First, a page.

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 Apologies, I misunderstood. In the DW game I run, one of the KT members (a TacMarine) took the 'Right Tools For The Job' deed for a combat shield. Given, it's only a rating 35 shield and it hasn't come into use very often (he's good at staying out of the line of fire, and the Assault Marine does a good job of drawing it), but it has saved his life at least once. That said, I don't think a force field should be something that EVERYONE on the KT should have. If they try it, I'd advise limiting the number available. For example, there's not likely to be more than one (max 2) Iron Halos available to any given KT, as those are captain level wargear. Same with Rosariuses, but you shouldn't really have more than one Chaplain anyway. Storm shields are a little more common, but if the entire KT wants to carry them, they'll have other problems later- namely, do I want to use my other hand, or do I want to keep my shield? Combat shields are commoner still, but  again, you should feel free to say "there's not enough".

That said, I wouldn't houserule them further unless you absolutely had to. I used the 'limiting factor' on my KT for storm bolters, and it's worked out perfectly. A little griping at first, but they understand that these are rare and powerful pieces of wargear, and it doesn't make sense for them to be able to lay hands on that many unless it's under very specific circumstances (Tactical Dreadnought Armor mission, for example).

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I use two kind of rules with force field.

1- If used against range attack on SA or FA then test it against every hit not once against the attack.

2- If there is more hit hitting the target than the ten's digit of the field then all hits after hit the target. (so a shield with a 35% rate will save 3 hit) Less accurate this rules serves me to keep the game going fast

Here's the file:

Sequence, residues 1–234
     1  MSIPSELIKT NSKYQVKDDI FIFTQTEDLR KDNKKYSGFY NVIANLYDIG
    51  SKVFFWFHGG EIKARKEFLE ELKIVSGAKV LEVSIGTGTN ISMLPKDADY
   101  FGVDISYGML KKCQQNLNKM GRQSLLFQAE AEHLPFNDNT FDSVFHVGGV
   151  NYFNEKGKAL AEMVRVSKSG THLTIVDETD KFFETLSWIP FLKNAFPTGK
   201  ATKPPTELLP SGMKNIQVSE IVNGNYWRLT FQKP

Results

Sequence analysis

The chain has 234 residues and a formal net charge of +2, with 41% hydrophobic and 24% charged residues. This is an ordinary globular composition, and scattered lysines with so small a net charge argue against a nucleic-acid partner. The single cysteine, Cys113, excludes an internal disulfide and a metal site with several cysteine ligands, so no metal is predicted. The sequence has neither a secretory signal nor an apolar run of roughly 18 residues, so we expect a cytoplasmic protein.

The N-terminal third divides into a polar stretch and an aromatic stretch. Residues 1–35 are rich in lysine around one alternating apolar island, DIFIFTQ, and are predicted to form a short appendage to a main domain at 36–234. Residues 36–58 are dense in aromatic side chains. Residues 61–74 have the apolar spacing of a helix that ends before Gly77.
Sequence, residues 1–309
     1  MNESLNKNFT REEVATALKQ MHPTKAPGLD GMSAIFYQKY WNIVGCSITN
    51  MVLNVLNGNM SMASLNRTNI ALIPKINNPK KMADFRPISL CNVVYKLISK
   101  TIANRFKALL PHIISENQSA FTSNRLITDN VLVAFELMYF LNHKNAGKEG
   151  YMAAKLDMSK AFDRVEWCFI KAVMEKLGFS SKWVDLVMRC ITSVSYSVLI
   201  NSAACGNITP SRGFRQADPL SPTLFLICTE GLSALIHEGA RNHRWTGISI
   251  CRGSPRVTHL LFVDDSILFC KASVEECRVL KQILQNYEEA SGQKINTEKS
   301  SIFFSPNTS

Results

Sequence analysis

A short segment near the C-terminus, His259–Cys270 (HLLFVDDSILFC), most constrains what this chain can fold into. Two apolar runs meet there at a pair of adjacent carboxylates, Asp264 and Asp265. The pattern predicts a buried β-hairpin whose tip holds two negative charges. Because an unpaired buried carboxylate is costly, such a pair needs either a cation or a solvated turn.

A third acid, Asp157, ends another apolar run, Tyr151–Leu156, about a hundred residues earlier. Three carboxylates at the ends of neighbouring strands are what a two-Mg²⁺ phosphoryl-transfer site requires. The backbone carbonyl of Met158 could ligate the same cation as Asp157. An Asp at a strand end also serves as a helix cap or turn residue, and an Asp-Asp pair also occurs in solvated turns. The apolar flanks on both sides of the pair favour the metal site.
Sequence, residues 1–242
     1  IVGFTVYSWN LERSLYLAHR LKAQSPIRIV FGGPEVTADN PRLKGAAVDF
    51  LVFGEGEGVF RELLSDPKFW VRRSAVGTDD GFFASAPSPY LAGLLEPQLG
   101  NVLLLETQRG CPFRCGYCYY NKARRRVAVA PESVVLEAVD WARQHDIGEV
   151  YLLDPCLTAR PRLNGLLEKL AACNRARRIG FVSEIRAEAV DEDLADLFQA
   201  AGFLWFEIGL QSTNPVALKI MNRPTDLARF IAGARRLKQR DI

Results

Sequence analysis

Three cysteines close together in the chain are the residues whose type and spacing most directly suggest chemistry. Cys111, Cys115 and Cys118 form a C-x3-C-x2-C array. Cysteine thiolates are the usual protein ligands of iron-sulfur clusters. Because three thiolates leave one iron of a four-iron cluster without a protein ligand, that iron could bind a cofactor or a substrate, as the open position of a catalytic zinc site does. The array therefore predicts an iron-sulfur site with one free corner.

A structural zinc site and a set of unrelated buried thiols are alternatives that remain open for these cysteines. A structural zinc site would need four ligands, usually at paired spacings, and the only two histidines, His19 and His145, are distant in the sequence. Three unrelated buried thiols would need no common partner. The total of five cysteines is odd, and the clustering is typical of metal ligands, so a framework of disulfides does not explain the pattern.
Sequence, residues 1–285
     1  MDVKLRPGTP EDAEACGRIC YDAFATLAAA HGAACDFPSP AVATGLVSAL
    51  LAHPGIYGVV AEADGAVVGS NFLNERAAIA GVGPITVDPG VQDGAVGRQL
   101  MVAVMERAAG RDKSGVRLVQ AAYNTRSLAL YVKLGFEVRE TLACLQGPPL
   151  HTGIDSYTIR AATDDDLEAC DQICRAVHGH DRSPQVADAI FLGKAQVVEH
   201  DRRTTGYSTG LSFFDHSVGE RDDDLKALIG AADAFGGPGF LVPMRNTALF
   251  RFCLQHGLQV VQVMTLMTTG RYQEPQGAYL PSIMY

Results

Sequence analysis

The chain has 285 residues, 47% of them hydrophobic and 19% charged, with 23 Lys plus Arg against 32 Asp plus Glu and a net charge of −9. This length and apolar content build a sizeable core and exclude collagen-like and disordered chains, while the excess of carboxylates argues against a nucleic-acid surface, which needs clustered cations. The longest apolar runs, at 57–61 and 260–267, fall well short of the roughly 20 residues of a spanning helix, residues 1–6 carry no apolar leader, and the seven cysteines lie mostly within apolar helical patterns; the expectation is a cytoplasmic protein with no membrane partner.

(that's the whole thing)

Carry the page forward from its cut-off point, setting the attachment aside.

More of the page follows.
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If it's alternate game mechanic you want, then the forcefields in DH's Inquisitor's Handbook instead reduced damage by a number of D10s per hit. A Refractor field reduced damage by 2d10, a Rosarius by 3d10. On a double 1, the field didn't activate and the full damage went through, on a double 10 the field reduced the damage by the rolled amount then over loaded.

The problem with adopting this system is that it makes all the fields very samey, and makes the craftsmanship effects harder to show.

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Plasmafest said:

If it's alternate game mechanic you want, then the forcefields in DH's Inquisitor's Handbook instead reduced damage by a number of D10s per hit. A Refractor field reduced damage by 2d10, a Rosarius by 3d10. On a double 1, the field didn't activate and the full damage went through, on a double 10 the field reduced the damage by the rolled amount then over loaded.

The problem with adopting this system is that it makes all the fields very samey, and makes the craftsmanship effects harder to show.

 

My DH group solved that by lowering their effectiveness by a die. They were still quite powerful when we encountered them and the one that we were granted wad damned useful**, and we have never had to deal with the "nothing-nothing-dead" effect the current rules can give.

 

**It was awarded to a player who preformed quite a spectacular feat of PC daring do: Which involved climbing a rope under gunfure, running across the rafters of a warehouse, getting behind the Heretics and into one of their trucks and hosing down the Heretics with said truck's heavy stubber, saving the rest of the group. He stayed on the stubber despite several critical hits including the loss of an arm and then a shot to his lungs. While his body was being repaired he was implanted with a power field which would reduce incoming shots by d3 (1-3=1, 4-6=2, 7-9=3 and 10=0) damage.